“We all have stories, our lives unfolding along crooked lines, colliding in unexpected ways.”
The butterfly effect: how one tiny butterfly, flapping its tiny, thin, dust-covered, membranous wings can rustle up a hurricane on the other side of the world weeks later.
Just how do our actions affect those around us? Or even further, how do our actions ripple out and affect the world in ways bigger than we imagined?
A private plane with eleven passengers onboard takes flight. A media mogul owns the plane and along with his wife and two children, their guests include a financial manager in dire straits and his wife, an unsuccessful painter, and the crew.
Less than twenty minutes later, the plane nosedives into the ocean. There are only two survivors: the penniless painter Scott Burroughs and four-year-old J.J.—the sole survivor of the media mogul’s family.
“Everyone has their own path. The choices they’ve made. How any two people end up in the same place at the same time is a mystery. You get on an elevator with a dozen strangers. You ride a bus, wait in line for the bathroom. It happens every day. To try to predict the places we’ll go and the people we’ll meet would be pointless.”
Before the Fall is an intricate, multi-faceted novel. It is a thriller unraveling the threads to get to the bottom of an unfortunate tragedy—or was it a plot to assassinate someone aboard?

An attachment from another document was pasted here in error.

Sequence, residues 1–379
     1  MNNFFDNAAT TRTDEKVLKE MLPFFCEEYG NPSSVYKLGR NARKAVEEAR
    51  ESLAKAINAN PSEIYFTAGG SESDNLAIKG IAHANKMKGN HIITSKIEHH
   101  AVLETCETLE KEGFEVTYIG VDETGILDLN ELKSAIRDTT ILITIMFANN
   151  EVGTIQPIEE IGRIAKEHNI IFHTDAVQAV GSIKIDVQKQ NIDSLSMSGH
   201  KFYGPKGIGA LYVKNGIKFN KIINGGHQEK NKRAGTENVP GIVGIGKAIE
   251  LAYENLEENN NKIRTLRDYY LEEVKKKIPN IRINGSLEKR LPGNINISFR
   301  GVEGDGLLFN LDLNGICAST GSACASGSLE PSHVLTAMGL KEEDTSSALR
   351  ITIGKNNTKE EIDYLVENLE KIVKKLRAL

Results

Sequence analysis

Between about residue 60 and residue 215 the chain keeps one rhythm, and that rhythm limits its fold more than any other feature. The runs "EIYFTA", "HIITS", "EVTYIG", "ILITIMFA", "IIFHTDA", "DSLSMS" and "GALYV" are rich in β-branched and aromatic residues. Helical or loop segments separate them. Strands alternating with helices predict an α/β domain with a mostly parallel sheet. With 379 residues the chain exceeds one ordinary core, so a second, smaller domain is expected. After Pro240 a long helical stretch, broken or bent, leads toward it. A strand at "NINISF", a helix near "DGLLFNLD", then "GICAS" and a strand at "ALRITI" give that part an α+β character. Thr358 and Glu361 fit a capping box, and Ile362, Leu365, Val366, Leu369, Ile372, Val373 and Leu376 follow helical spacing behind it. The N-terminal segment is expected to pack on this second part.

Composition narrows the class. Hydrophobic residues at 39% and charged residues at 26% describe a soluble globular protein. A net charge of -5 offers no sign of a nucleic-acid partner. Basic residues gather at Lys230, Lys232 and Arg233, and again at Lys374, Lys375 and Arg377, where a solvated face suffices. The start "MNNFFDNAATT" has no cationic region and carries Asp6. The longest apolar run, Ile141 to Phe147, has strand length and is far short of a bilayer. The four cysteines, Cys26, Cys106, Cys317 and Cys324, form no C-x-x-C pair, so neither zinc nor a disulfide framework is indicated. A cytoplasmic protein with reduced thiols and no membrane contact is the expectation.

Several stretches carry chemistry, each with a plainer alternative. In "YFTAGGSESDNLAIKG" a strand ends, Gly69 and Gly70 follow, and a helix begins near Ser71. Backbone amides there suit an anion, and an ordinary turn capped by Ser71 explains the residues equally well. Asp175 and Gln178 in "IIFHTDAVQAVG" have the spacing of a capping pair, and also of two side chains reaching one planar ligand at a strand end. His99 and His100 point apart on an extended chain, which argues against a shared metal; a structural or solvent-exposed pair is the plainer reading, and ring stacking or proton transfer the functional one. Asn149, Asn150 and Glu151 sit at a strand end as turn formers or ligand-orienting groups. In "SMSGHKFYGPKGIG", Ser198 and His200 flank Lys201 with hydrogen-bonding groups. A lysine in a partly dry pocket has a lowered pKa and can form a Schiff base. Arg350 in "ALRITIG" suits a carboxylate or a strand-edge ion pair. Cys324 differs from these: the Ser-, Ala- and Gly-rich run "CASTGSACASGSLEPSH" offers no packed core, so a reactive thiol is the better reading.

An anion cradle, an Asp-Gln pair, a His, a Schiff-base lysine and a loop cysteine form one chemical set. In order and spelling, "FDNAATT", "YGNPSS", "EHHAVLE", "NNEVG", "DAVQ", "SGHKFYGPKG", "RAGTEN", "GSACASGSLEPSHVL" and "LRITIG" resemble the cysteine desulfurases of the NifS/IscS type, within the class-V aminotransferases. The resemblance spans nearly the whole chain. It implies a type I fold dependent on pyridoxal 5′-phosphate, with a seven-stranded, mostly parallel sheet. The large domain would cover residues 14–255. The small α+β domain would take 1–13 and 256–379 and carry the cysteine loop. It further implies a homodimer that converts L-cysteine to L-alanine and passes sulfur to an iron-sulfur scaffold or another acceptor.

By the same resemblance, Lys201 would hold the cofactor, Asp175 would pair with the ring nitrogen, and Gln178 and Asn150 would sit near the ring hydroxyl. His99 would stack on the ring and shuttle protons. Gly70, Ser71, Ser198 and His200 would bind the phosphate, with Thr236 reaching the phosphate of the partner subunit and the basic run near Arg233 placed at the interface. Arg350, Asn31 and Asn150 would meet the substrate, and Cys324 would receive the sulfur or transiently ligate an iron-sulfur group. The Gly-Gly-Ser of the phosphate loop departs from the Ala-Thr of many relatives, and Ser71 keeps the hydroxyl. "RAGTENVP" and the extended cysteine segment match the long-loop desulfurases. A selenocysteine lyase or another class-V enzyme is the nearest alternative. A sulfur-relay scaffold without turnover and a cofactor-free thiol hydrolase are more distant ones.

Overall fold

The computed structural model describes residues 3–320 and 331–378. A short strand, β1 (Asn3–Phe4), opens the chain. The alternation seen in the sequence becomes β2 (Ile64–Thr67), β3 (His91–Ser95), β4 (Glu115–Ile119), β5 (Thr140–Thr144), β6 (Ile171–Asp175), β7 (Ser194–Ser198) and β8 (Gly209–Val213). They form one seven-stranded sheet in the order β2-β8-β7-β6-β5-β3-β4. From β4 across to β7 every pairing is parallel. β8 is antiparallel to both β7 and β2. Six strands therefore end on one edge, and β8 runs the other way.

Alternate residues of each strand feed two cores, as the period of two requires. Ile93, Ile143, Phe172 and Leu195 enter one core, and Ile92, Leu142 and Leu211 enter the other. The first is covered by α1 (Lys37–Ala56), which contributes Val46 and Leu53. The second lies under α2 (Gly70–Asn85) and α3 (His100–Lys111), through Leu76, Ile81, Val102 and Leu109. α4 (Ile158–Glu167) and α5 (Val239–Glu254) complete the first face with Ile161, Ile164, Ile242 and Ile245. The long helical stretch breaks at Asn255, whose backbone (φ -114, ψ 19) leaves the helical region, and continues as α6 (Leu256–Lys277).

It’s a piece that’s very focused on the media-storm that occurs during high-profile cases and how news stories can alter public perception of an event or people involved in an event.
The book is also a very personal story of one man’s struggle not only with this tragedy and the search for the truth about what happened, but with life in general.
Before the crash, Scott doesn’t have a whole lot going for him. After the crash, people think he was sleeping with the media mogul’s wife, that he caused the crash, that even though he saved the kid and almost died himself, he was somehow a part of it, or at least knows more than he is letting on. He is a suspect, he is a hero, he is a villain.